>
    > To and from other object pointer type. There is no
    > defined conversion between pointers to functions and
    > pointers to object types, even incomplete object types
    > like void.


    Except for the case of null pointer constants.

    --
    Peter
    Peter Nilsson, Apr 16, 2008
    #3
  4. arnuld wrote:
    > Jack Klein wrote:
    > > Andrey Tarasevich:
    > > > Of course, you don't. In C language 'void*' pointers are implicitly
    > > > convertible to and from other pointer types. What warnings did you
    > > > expect and why?

    > >
    > > To and from other object pointer type. There is no defined conversion
    > > between pointers to functions and pointers to object types, even
    > > incomplete object types like void.

    >
    > so an int* is implicitly converted to a void*


    What int*?

    > which then can be implicitly converted to char* without any
    > warning at all.


    Consider...

    int *ip = malloc(N * sizeof *ip);

    The malloc function knows nothing about the type being allocated.
    It returns a void * to a region suitably aligned for any object.

    There is an implicit conversion from void * to int * in the assignment
    of the void * to ip, but as you say there is (generally) no warning.
    Nor should you expect there to be one. The implicit conversion of
    void * to and from other object or incomplete types is a language
    _feature_. [Not necessarily a good one, but a deliberate feature
    nonetheless.]

    --
    Peter
    Peter Nilsson, Apr 16, 2008
    #4
  5. Richard Heathfield wrote:
    > ...A pointer to function, of no matter what return type, cannot
    > be implicitly converted into *any* other type, let alone a char *.


    Actually, they can be implicitily converted in limited cases...

    int main(int argc, char **argv)
    {
    int (*fp)() = main; /* okay */
    return 0;
    }

    --
    Peter
    Peter Nilsson, Apr 16, 2008
    #5
  6. arnuld

    arnuld Guest

    > On Tue, 15 Apr 2008 21:00:17 -0500, Jack Klein wrote:

    >> On Tue, 15 Apr 2008 08:13:43 -0700, Andrey Tarasevich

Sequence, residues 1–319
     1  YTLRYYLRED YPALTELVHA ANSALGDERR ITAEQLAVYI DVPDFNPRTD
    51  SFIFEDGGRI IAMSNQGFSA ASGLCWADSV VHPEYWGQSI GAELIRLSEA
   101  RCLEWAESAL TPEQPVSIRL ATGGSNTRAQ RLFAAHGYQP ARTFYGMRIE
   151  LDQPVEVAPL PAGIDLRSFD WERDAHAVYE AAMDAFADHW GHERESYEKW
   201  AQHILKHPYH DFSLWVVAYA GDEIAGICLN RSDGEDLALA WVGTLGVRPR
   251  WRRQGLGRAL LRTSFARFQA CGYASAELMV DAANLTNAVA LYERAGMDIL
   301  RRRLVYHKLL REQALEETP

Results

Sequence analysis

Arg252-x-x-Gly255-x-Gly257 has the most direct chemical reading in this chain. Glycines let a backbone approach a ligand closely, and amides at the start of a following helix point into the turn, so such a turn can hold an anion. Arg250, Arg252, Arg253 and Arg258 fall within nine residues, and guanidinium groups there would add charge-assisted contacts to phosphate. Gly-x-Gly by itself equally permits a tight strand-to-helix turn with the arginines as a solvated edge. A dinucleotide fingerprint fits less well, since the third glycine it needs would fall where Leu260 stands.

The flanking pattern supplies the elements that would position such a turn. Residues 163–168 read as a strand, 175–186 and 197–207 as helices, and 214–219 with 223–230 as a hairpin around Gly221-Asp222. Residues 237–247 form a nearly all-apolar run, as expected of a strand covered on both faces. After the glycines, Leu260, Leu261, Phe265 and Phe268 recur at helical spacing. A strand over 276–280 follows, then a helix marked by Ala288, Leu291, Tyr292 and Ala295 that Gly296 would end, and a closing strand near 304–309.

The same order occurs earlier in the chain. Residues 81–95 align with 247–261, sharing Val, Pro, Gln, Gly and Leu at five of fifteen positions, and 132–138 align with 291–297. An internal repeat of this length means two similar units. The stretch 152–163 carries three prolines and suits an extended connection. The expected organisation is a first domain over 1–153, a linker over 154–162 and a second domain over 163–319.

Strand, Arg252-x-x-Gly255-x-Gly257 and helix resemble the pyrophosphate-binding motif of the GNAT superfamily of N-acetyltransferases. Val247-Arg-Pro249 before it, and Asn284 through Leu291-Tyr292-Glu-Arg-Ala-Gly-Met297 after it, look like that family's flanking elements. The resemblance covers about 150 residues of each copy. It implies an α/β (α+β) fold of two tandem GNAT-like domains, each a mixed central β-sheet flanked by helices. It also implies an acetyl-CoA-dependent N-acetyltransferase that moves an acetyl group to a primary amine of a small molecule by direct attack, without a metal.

>> Of course, you don't. In C language 'void*' pointers are implicitly
    >> convertible to and from other pointer types. What warnings did you
    >> expect and why?


    > To and from other object pointer type. There is no defined conversion
    > between pointers to functions and pointers to object types, even
    > incomplete object types like void.


    so an int* is implicitly converted to a void* which then can be
    implicitly converted to char* without any warning at all.





    --
    http://lispmachine.wordpress.com/

    find my email ID at the above address.
    arnuld, Apr 16, 2008
    #6
  7. arnuld

    arnuld Guest

    > On Tue, 15 Apr 2008 21:00:17 -0500, Jack Klein wrote:

    > To and from other object pointer type. There is no defined conversion
    > between pointers to functions and pointers to object types, even
    > incomplete object types like void.


    so I conlcude:

    1.) Function Pointers: pointer to function returning an int can be
    implicitly converted into char* without any any warning message.

    2.) Pointers to object types: compiler can implicitly convert and int*
    into char* without any warning message to the programmer. C doe snot
    require any warning in this case



    Is that what you mean ?




    --
    http://lispmachine.wordpress.com/
    arnuld, Apr 16, 2008
    #7
  8. On 16 Apr 2008 at 14:37, Eric Sosman wrote:
    > In the particular case of thing* to or from char* it's
    > not ipso facto an error: C specifically permits accessing
    > an object's representation as an array of char.
    >
    > A better example might be double* to void* to int*,
    > which is either an error or at best a dubious practice.


    I don't see why isn't necessarily dubious. Portability isn't everything,
    and in speed-critical sections of code, using bit-twiddling to
    manipulate floating-point numbers can be a very valuable practice.
    Antoninus Twink, Apr 16, 2008
    #8